Having worked with children and adults who have learning differences for many years, I have witnessed this same scenario play out between parents and their child. Parents are full of hope and expectations for their child. At some point, they become aware that their child is responding a little differently than other children of the same age. The parents, through encouragement of family, friends, or professionals, seek help. The diagnosis usually confirms what the family suspected but feared. Parents often admit feelings of grief, confusion, and frustration. The grief comes from the loss of hopes and dreams that all parents have for their children. The confusion is prompted by questions about what the diagnosis means for their child’s future. The frustration comes from the volume of misinformation and the generalizations that are attributed to a learning difference diagnosis. For most parents, this phase quickly subsides and they begin to refocus those hopes and dreams.
Next, parents begin to focus on learning and adapting. They tend to become subject matter experts on their child’s specific learning difference. They become, as they should, the biggest advocate in their child’s life to ensure that the child receives every service to which he is entitled. They are tireless in their pursuit of any advantage they can obtain for the child’s education. They are relentless in making sure friends and family understand what the learning difference is and means. They are committed to protecting their child from the cruelties of the world. This may result in a tendency to tolerate anti-social behaviors as a result of the learning difference rather than identify them for what they are.
The result of all this “attention” is that the children with learning differences have limited expectations for achieving typical milestones. Children with learning differences are seldom burdened with typical household chores due to their dramatic resistance to these requests. This level of resistance may lead many parents to “walk on eggshells’ around their children. They will go to great lengths to avoid conflict with the child. As a result, the parent(s) assumes more and more of the daily responsibility for the life of the child. At this point, the diagnosis is defining the child rather than allowing the child to grow, explore and define him/herself. The parents, through all their great intentions, have created the beginnings of a learned helplessness in their child.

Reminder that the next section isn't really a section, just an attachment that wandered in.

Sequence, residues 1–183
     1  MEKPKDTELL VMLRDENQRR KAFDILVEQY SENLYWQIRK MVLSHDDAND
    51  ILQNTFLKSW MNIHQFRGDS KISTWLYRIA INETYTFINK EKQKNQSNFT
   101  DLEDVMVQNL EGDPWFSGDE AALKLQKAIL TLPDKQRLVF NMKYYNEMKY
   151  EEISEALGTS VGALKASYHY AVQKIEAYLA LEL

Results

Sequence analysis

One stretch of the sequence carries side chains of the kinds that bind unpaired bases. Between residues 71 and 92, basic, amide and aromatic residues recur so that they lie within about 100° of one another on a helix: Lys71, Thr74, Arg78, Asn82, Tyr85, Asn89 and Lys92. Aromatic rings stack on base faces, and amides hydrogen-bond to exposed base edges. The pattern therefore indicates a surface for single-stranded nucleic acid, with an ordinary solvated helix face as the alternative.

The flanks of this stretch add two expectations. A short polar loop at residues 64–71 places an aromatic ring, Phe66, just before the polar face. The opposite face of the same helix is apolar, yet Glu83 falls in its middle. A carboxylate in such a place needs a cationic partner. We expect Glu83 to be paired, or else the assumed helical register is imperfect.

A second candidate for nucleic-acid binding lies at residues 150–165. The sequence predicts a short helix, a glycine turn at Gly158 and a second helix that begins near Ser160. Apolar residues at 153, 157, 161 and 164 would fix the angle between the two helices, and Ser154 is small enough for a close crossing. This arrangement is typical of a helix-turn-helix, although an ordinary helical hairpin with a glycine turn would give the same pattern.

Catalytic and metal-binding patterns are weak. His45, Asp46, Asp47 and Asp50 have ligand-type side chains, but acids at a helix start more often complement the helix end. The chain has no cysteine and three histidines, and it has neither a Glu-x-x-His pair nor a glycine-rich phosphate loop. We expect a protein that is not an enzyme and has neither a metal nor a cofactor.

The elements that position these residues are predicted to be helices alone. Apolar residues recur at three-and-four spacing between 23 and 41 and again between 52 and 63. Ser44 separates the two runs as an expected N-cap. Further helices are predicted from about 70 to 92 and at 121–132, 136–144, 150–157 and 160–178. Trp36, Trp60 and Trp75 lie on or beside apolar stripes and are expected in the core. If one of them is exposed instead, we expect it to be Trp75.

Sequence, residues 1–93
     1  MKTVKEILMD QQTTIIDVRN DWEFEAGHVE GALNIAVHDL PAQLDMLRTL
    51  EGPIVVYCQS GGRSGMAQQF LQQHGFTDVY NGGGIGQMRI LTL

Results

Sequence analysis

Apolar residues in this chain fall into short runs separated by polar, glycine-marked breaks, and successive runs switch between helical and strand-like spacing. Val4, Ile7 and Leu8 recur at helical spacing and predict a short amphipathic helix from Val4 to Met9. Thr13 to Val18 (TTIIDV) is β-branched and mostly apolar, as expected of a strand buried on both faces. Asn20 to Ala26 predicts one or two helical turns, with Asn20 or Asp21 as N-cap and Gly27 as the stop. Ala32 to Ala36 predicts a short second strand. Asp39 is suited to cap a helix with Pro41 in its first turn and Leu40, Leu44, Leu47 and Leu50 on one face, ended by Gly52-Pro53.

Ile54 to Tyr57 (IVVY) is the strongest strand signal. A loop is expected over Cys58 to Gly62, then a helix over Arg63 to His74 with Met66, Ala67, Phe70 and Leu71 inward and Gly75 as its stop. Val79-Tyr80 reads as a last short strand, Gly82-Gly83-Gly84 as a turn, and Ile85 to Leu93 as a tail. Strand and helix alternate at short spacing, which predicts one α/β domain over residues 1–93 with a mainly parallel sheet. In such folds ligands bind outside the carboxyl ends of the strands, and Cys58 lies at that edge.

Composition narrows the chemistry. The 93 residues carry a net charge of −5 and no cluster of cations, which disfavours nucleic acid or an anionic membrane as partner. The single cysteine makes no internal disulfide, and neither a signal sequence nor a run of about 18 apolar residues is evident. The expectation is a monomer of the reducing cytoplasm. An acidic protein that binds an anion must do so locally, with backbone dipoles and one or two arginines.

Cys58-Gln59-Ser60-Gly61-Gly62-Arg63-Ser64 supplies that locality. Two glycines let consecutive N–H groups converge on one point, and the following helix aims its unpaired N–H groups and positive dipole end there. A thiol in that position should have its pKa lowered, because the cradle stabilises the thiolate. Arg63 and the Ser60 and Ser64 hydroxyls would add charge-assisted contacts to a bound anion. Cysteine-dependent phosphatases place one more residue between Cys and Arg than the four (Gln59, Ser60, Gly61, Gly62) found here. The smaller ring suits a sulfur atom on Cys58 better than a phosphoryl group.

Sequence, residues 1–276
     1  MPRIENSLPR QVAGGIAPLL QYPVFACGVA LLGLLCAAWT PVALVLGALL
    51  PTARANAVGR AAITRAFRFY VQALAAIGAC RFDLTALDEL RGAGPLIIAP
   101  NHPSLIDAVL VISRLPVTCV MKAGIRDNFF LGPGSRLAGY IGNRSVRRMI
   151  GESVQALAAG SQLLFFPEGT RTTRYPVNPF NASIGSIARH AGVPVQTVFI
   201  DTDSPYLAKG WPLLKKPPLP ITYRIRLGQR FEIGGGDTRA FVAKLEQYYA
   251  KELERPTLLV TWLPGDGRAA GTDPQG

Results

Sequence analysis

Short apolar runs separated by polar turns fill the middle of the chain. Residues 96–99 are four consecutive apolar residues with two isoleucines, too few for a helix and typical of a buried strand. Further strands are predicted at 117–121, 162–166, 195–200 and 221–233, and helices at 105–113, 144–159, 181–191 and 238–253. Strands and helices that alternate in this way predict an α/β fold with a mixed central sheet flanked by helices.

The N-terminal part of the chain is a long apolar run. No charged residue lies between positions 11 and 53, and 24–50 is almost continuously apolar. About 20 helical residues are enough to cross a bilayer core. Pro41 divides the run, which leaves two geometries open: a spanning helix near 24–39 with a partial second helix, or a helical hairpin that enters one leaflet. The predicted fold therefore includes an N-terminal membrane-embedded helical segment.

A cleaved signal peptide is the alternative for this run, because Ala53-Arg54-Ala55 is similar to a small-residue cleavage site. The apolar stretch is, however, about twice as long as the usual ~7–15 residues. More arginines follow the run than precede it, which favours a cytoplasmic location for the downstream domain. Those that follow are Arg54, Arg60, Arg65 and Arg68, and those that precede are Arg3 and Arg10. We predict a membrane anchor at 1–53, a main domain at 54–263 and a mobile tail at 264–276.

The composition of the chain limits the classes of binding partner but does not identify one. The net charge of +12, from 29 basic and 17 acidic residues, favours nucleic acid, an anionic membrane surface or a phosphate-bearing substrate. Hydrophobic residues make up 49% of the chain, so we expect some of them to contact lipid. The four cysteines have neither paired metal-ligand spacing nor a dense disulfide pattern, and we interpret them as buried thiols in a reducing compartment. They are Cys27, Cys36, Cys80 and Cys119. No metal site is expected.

An easy trap for parents to fall into is trying to control things to the point where their child won’t fail. This is a society wide problem, which is exacerbated in the learning differences population. Parents fear that failure will defeat their child’s sense of self worth or cause their child to just give up. Parents get caught in the trap of believing that if they can control things long enough, then the child will someday be confident enough to do for himself. I would like to point out that failure is a mechanism for learning. Our young adults, who often have been raised in a very sheltered environment, often thrive in an environment where it is safe to fail. These young adults have their own view of the world, and they often have test their views against reality. We keep these tests simple and manage expectation so that the “failures” can be used as teachable moments.
Written by:Tim McMahon Founder / Executive Director Brightstone Transitions Learn More about Tim and the Brightstone Team